It opens with the Tchaikovsky melody heard in its original form played by a quartet of two cornets, tenor horn and euphonium. The theme passes through a series of metamorphoses and stylistic transformations that take in whiffs of minimalism alongside neo-classicism and medieval techniques. The latter manifests itself in the “hocketing” of the tuned bottles. Various other fleeting fragments of Tchaikovsky works - not to mention Stravinsky - are woven in along the way but de Meij never resorts to mere pastiche or tacky imitation. Despite its apparent allusion to reality television, Extreme Make-over is an apt title for a work that packs a great deal of punch. It is difficult to imagine it receiving more sterling advocacy than that given here by Black Dyke. An unexpected hit it may have been but it’s a piece that has the potential to retain its popularity for a long time.
As a conductor Bramwell Tovey has been involved with brass bands on a sporadic basis for a good number of years. With the exception of his Coventry Variations, which was utilised as a test piece for the Area Championships in 2004, he is a relative newcomer to bands as a composer. The Night to Sing is consequently Tovey’s first foray into writing for bands at the highest level and it is unsurprising therefore that its choice as the test piece for the 2005 British Open Championships prompted a good deal of interest.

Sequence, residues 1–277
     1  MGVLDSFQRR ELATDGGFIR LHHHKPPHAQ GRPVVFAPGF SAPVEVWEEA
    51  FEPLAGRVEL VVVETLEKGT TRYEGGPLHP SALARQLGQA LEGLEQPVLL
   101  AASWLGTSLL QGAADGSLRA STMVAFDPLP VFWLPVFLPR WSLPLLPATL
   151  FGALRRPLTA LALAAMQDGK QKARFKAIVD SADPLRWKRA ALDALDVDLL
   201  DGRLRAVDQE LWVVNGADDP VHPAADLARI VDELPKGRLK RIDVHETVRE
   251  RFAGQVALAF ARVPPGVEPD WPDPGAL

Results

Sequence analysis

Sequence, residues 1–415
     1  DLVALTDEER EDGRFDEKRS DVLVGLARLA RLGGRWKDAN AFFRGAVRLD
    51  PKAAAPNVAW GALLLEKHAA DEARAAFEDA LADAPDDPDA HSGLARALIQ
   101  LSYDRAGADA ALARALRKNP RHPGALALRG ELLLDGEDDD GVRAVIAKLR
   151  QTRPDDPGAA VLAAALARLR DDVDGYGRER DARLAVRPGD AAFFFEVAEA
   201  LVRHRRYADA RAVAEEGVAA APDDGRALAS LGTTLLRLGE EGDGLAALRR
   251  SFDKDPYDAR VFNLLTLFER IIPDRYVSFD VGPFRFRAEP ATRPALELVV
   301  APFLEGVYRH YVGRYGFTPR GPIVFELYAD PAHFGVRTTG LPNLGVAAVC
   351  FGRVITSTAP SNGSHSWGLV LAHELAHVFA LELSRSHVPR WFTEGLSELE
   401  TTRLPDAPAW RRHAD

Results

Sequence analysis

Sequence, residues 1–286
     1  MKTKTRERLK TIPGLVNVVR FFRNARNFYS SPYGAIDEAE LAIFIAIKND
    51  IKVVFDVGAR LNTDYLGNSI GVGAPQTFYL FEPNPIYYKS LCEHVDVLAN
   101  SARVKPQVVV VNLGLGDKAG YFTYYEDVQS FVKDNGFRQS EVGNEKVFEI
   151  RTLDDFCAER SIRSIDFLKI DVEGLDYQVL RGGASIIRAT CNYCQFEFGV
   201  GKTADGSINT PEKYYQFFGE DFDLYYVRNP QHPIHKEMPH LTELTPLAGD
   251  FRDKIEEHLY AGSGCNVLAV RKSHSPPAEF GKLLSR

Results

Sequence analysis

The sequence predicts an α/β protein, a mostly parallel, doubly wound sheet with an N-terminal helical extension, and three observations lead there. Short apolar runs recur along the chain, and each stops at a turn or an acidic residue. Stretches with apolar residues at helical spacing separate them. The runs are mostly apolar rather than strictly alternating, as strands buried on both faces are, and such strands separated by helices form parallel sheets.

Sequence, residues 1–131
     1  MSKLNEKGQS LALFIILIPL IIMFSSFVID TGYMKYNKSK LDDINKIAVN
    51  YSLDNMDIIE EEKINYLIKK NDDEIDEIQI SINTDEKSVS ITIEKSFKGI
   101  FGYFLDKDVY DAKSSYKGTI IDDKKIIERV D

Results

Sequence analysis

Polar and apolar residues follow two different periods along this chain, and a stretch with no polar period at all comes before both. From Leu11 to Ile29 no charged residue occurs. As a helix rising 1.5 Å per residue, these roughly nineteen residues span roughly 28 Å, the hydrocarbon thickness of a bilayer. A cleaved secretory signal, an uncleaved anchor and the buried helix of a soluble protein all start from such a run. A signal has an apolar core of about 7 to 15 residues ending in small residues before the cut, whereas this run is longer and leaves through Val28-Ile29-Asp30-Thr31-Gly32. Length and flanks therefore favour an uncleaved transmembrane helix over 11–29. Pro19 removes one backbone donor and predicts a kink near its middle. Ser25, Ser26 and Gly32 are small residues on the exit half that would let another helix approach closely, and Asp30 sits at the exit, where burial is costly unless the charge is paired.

Tovey’s inspiration is drawn from the 1945 VE Day celebrations and in particular a quote from an unknown woman in Chelsea on 8 May 1945, “this was the night to sing”. The music sets out to reflect the turbulent emotions of the VE Day celebrations both in terms of the joy of the celebrations themselves and the deeper emotions and sense of grief that many would have felt at the same time. The language is broadly traditional: indeed there are points when the music is considerably closer to Eric Ball than Peter Graham ever gets in Journey to the Centre of the Earth. Yet there is also the sense of a deeply personal response to the subject matter from Tovey and as such, fine piece though it undoubtedly is, it is not easy to see it finding a regular place in the repertoire. Dyke’s performance on the day of the contest was one of only a small number that truly got inside the music. Whilst there are the occasional clips and lapses of ensemble that are evident on this live recording, they do not detract from a performance of real depth and musical substance.